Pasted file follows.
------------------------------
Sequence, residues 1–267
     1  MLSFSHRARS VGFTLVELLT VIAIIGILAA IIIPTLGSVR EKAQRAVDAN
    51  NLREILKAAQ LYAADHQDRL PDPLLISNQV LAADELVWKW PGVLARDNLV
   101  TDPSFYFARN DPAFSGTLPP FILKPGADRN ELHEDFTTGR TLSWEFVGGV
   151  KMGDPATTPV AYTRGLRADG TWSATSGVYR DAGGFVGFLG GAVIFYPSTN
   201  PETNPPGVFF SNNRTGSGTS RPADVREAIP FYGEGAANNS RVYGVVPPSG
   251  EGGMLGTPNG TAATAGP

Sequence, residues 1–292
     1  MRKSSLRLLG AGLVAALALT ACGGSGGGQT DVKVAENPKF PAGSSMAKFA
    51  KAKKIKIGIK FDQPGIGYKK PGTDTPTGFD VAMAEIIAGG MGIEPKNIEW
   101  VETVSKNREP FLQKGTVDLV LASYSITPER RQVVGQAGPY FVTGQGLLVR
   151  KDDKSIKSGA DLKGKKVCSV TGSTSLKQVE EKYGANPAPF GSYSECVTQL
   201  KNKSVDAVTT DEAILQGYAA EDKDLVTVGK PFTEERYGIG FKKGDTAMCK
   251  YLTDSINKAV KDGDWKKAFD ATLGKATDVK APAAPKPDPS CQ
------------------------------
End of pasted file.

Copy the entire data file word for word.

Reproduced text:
Sequence, residues 1–267
     1  MLSFSHRARS VGFTLVELLT VIAIIGILAA IIIPTLGSVR EKAQRAVDAN
    51  NLREILKAAQ LYAADHQDRL PDPLLISNQV LAADELVWKW PGVLARDNLV
   101  TDPSFYFARN DPAFSGTLPP FILKPGADRN ELHEDFTTGR TLSWEFVGGV
   151  KMGDPATTPV AYTRGLRADG TWSATSGVYR DAGGFVGFLG GAVIFYPSTN
   201  PETNPPGVFF SNNRTGSGTS RPADVREAIP FYGEGAANNS RVYGVVPPSG
   251  EGGMLGTPNG TAATAGP

Sequence, residues 1–292
     1  MRKSSLRLLG AGLVAALALT ACGGSGGGQT DVKVAENPKF PAGSSMAKFA
    51  KAKKIKIGIK FDQPGIGYKK PGTDTPTGFD VAMAEIIAGG MGIEPKNIEW
   101  VETVSKNREP FLQKGTVDLV LASYSITPER RQVVGQAGPY FVTGQGLLVR
   151  KDDKSIKSGA DLKGKKVCSV TGSTSLKQVE EKYGANPAPF GSYSECVTQL
   201  KNKSVDAVTT DEAILQGYAA EDKDLVTVGK PFTEERYGIG FKKGDTAMCK
   251  YLTDSINKAV KDGDWKKAFD ATLGKATDVK APAAPKPDPS CQ